Abdul Qadeer Khan, revered as the father of Pakistan’s nuclear programme, died on Sunday.
He was lauded in Pakistan for transforming it into the world’s first Islamic nuclear weapons power. But he was seen by the West as a dangerous renegade responsible for smuggling technology to rogue states.
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The nuclear scientist died at 85 in the capital, Islamabad, after recently being hospitalised with COVID-19.
He was seen as a national hero for bringing the country up to par with neighbours India in the atomic field and making its defences “impregnable”.
But he found himself in the crosshairs of controversy when he was accused of illegally proliferating nuclear technology to Iran, Libya and North Korea.
Khan was placed under effective house arrest in Islamabad in 2004 after he admitted running a proliferation network to the three countries.
In 2006 he was diagnosed with prostate cancer, but recovered after surgery.
A court ended his house arrest in February 2009, but his movements were strictly guarded, and he was accompanied by authorities every time he left his home in an upmarket sector of leafy Islamabad.
Born in Bhopal, India, on April 1, 1936, Khan was just a young boy when his family migrated to Pakistan during the bloody 1947 partition of the sub-continent at the end of British colonial rule.
He completed a science degree at Karachi University in 1960, then went on to study metallurgical engineering in Berlin before completing advanced studies in the Netherlands and Belgium.
The crucial contribution to Pakistan’s nuclear programme was the procurement of a blueprint for uranium centrifuges, which transform uranium into weapons-grade fuel for nuclear fissile material.
He was charged with stealing it from the Netherlands while working for Anglo-Dutch-German nuclear engineering consortium Urenco, and bringing it back to Pakistan in 1976.
On his return to Pakistan, then-PM Zulfikar Ali Bhutto put Khan in charge of the government’s nascent uranium enrichment project.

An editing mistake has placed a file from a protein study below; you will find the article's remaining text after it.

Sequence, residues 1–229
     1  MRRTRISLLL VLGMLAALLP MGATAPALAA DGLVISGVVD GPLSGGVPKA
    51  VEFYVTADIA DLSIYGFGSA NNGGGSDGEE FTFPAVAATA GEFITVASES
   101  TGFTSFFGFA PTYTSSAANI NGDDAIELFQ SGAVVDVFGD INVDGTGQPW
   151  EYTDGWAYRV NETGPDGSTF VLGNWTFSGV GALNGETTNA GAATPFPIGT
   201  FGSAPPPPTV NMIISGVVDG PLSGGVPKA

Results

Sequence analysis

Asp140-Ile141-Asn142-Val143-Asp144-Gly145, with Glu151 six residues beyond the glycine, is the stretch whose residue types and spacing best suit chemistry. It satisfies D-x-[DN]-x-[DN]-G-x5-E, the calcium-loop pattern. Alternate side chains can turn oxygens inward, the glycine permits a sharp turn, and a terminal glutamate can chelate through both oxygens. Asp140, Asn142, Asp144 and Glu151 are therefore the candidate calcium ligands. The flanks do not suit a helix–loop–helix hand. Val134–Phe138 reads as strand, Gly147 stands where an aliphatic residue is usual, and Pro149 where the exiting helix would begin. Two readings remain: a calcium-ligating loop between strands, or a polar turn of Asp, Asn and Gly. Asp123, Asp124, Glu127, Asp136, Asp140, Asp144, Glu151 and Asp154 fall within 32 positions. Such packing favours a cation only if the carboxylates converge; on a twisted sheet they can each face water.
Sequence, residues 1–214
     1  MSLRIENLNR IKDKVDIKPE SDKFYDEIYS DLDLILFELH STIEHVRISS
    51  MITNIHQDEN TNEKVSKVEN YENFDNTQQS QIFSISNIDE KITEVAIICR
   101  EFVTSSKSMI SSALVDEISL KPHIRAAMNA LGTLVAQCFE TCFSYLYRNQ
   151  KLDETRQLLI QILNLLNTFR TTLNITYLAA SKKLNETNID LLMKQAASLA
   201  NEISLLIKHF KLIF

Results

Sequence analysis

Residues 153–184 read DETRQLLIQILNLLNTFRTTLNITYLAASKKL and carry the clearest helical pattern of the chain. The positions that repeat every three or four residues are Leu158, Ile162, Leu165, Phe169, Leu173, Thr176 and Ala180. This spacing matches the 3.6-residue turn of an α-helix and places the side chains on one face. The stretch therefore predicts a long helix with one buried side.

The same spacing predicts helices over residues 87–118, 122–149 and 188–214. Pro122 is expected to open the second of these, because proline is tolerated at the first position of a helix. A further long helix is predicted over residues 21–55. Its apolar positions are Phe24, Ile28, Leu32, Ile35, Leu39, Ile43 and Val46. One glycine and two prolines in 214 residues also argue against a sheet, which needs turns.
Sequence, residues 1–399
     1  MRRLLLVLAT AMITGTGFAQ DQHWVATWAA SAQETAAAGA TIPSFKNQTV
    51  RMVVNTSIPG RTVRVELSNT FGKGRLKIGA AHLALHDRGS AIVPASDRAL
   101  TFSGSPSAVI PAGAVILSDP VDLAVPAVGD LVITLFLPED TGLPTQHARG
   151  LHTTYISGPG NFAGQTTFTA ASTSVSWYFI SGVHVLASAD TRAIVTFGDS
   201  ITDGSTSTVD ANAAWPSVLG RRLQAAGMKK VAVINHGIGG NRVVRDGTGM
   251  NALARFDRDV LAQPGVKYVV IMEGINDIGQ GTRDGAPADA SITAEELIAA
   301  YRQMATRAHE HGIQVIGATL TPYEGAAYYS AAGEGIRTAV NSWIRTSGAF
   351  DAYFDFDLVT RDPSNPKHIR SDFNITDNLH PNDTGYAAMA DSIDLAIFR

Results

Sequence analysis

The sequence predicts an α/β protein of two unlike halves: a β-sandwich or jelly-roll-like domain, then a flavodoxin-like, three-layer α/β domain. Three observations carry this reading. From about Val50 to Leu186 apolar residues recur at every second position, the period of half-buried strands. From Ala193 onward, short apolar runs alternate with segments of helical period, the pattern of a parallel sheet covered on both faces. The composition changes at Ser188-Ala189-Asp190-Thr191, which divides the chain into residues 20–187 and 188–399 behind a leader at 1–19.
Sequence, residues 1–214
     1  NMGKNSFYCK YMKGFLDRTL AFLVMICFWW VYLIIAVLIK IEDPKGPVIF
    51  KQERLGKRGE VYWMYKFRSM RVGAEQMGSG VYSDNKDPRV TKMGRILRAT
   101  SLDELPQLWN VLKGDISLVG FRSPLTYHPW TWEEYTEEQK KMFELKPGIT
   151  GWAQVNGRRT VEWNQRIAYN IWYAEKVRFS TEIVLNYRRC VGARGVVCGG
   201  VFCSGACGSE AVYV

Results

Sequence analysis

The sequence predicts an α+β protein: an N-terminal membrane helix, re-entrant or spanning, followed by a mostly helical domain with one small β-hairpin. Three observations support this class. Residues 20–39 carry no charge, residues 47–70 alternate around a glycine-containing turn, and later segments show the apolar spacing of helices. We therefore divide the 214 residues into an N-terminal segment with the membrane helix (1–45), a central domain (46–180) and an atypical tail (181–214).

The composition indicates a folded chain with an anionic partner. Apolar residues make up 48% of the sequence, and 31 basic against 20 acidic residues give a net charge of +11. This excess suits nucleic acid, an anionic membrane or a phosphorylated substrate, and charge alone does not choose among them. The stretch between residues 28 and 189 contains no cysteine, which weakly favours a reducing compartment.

By 1978, his team had enriched uranium and by 1984 they were ready to detonate a nuclear device, Khan later said in a newspaper interview.
The 1998 nuclear test saw Pakistan slapped with international sanctions and sent its economy into freefall.
Khan’s aura began to dim in March 2001 when then-President Pervez Musharraf, reportedly under United States pressure, removed him from the chairmanship of Kahuta Research Laboratories and made him a special adviser.
But Pakistan’s nuclear establishment never expected to see its most revered hero subjected to questioning.
The move came after Islamabad received a letter from the International Atomic Energy Agency, a United Nations watchdog, containing allegations that Pakistani scientists were the source of sold-off nuclear knowledge.
Khan said in a speech to the Pakistan Institute of National Affairs in 1990 that he had dealings on world markets while developing Pakistan’s nuclear programme.
“It was not possible for us to make each and every piece of equipment within the country,” he said.
‘I saved the country’
Khan was pardoned by Musharraf after his confession but later retracted his remarks.
“I saved the country for the first time when I made Pakistan a nuclear nation and saved it again when I confessed and took the whole blame on myself,” Khan told AFP news agency in an interview in 2008 while under effective house arrest.
The scientist believed in nuclear defence as the best deterrent.
After Pakistan carried out atomic tests in 1998 in response to tests by India, Khan said Pakistan “never wanted to make nuclear weapons, it was forced to do so”.
Nearly a decade ago, Khan tried his luck in the political arena, forming a party – the Tehreek-e-Tahafuz Pakistan (Save Pakistan Movement) – in July 2012 in hopes of winning votes on the basis of the respect he still commands in Pakistan.
But he dissolved it a year later after none of its 111 candidates won a seat in national elections.
Khan also stirred a new controversy that same year when, in an interview with Urdu newspaper Daily Jang, he said he transferred nuclear technology to two countries on the direction of slain prime minister Benazir Bhutto.
He did not name the countries, nor did he say when Bhutto, the twice-elected PM who was assassinated in 2007, had supposedly issued the orders.
“I was not independent but was bound to abide by the orders of the prime minister,” he was quoted as saying.
Bhutto’s Pakistan Peoples Party denied the claim as “baseless and unfounded”.
None of the controversies appear to have dented Khan’s popularity, even years on.
He regularly wrote op-ed pieces, often preaching the value of a scientific education, for the popular Jang group of newspapers.
Many schools, universities, institutes and charity hospitals across Pakistan are named after him, his portrait decorating their signs, stationery and websites.